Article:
Windfarms break energy record in Spain

Windfarms break energy record in Spain
http://www.guardian.co.uk/environment/2013/feb/04/windfarms-break-energy-record-spain
Past three months saw windfarms produce more electricity than any other source for first time, trade body says
Over the last three months wind farms produced more electricity than any other power source in Spain for the first time ever, an industry group has said.
The country delivered over six terawatt hours of electricity from wind farms during January, according to data from grid operator Red Electrica de Espana, the Spanish Wind Energy Association said in a statement.
"Since November 1, wind has been the top technology in the electrical system," the group said in a blog posting. "The last time any technology exceeded six terawatt-hours of monthly generation was in 2010, when it was combined-cycle gas turbines."
The performance means wind energy exceeded output from both nuclear and coal-fired power stations and represents more than a quarter of Spain's total power generation.
Spain has been looking to boost its wind power capacity as part of the government's efforts to cut carbon emissions.
The news came in the same week as German wind energy industry association BWE said it expects developers to add between 3GW and 3.5GW of capacity this year, far outstripping the 2.4GW installed in 2012.
The surge in new capacity will be largely driven by new offshore wind farms coming online and will mean the country remains on track to meet its goal of generating around 40 per cent of its electricity form renewables by 2020, up from about 25 per cent currently.
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Far right crackpot groups won't like this news !!!
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On Wed, 06 Feb 2013 13:51:14 -0800, Transition Zone wrote:

ene...

ANY group will take note that this is NOT saving Spain from its economic implosion.
I wonder how long those things have to run before they pay for themselves ?
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One thing is for sure. It gives them a lot less coal ash to inhale.
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On Wed, 06 Feb 2013 14:04:01 -0800, Transition Zone wrote:

At least coal - bulky stuff that it is - generated more jobs for the average Jose'.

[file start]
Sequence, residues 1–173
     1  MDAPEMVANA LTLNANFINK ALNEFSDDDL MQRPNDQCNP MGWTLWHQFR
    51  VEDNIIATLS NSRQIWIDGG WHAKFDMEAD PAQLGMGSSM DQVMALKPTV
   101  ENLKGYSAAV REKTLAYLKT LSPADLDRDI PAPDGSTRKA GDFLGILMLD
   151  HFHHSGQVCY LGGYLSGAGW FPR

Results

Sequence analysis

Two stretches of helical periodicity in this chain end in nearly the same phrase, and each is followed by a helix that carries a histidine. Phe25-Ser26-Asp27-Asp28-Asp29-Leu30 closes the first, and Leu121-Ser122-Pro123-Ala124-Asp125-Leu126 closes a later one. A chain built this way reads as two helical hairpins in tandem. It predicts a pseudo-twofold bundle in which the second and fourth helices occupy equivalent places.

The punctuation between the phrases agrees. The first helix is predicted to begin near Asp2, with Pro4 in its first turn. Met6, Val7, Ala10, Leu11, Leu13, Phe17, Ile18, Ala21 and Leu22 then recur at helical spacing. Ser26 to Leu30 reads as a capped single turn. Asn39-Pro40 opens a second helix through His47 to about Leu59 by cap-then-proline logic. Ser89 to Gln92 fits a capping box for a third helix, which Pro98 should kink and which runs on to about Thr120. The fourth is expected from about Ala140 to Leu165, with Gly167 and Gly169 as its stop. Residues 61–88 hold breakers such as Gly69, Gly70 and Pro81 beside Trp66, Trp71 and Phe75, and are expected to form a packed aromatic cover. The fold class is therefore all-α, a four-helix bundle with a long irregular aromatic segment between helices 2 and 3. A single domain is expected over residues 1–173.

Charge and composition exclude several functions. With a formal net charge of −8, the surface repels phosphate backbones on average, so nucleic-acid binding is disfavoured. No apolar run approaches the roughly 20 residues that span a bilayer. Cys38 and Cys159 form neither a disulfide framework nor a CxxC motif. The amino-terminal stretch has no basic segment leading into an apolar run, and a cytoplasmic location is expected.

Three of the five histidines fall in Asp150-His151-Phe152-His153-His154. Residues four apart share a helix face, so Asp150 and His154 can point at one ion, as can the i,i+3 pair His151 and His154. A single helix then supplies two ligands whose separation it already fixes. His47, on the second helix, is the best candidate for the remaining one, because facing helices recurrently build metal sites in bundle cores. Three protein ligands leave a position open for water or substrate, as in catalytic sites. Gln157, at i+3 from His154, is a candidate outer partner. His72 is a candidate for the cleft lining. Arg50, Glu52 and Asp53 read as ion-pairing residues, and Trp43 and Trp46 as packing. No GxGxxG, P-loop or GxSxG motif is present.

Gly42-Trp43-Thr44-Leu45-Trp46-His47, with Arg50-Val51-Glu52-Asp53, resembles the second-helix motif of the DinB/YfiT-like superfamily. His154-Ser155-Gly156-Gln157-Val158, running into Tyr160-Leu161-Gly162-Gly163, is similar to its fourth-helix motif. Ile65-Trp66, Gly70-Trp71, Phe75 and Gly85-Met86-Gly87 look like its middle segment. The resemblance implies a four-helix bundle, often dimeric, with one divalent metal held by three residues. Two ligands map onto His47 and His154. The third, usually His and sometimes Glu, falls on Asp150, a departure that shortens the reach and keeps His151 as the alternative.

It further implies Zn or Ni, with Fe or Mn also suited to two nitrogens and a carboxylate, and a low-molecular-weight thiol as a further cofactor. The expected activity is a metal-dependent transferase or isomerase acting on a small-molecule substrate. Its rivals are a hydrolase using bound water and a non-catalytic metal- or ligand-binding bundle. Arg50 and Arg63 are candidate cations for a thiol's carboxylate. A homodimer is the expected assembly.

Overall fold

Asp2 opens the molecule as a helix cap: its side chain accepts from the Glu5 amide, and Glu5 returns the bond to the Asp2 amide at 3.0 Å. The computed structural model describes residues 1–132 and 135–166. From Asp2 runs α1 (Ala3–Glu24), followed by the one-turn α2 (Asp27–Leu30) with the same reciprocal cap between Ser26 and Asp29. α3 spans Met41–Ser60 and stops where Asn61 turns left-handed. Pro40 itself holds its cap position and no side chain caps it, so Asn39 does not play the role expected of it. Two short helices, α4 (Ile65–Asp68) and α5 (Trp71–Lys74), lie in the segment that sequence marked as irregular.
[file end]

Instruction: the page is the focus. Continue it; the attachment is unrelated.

And besides, if collected, fly-ash makes a good ingredient for certain kinds of concrete. Roman concrete - that has held up for millenia - allegedly uses a lot of fly-ash, wood ash and volcanic ash in the mix. Modern cements start to go soft in a century ... some mixes even sooner.
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There are mountains of fly ash and they are getting bigger, and are being used more and more in concrete and for other uses.
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On Thu, 07 Feb 2013 00:47:39 -0500, emoneyjoe wrote:

Very wise. One mans 'waste' is anothers valuable raw material.
Fly-ash concrete hardens using a different chemistry than common Portland cement. The result is allegedly MUCH more durable.
FYI, the Egyptians also invented a kind of concrete, but it was based on yet another kind of chemistry, related to the high zeolite content of the mix. It also lasts - was said to have been used to smooth and patch-up the Sphinx in antiquity and is still there doing its thing. Maybe it's the ultra-dry climate ... or maybe the stuff really IS good enough to last 4000 years.
Maybe we're getting ripped off by the Portland cement-makers ...
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No, it takes time to develop the formulas for using the fly ash, which was not available in quantity until scrubbers were added in the last 15 or 20 years.
Some power plants now have pyramids of fly ash covered with soil sides, bigger than the great pyramid on the base size. They are selling it, but so far sales have not kept up with production.
I think some contractors are using it for other things too, maybe fill under slabs or asphalt. I don't know if the price competes with sand or dirt, some fly ash is high in aluminum, calcium or glass.
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wrote:

~50 years ago I worked on supervision of construction of an earth dam over limestone bedrock. the underlying bedrock waqs pressure groutedwith a mixture of portlnd cement, fly ash and water to provide a seal against leakage under the dam. I had holes drilled som 100 feet deep then installed re-bar to hold dial gages to chek for any uplift due to grout being injected under quite high pressure. It was very interesting to see how the grouting was carried out.
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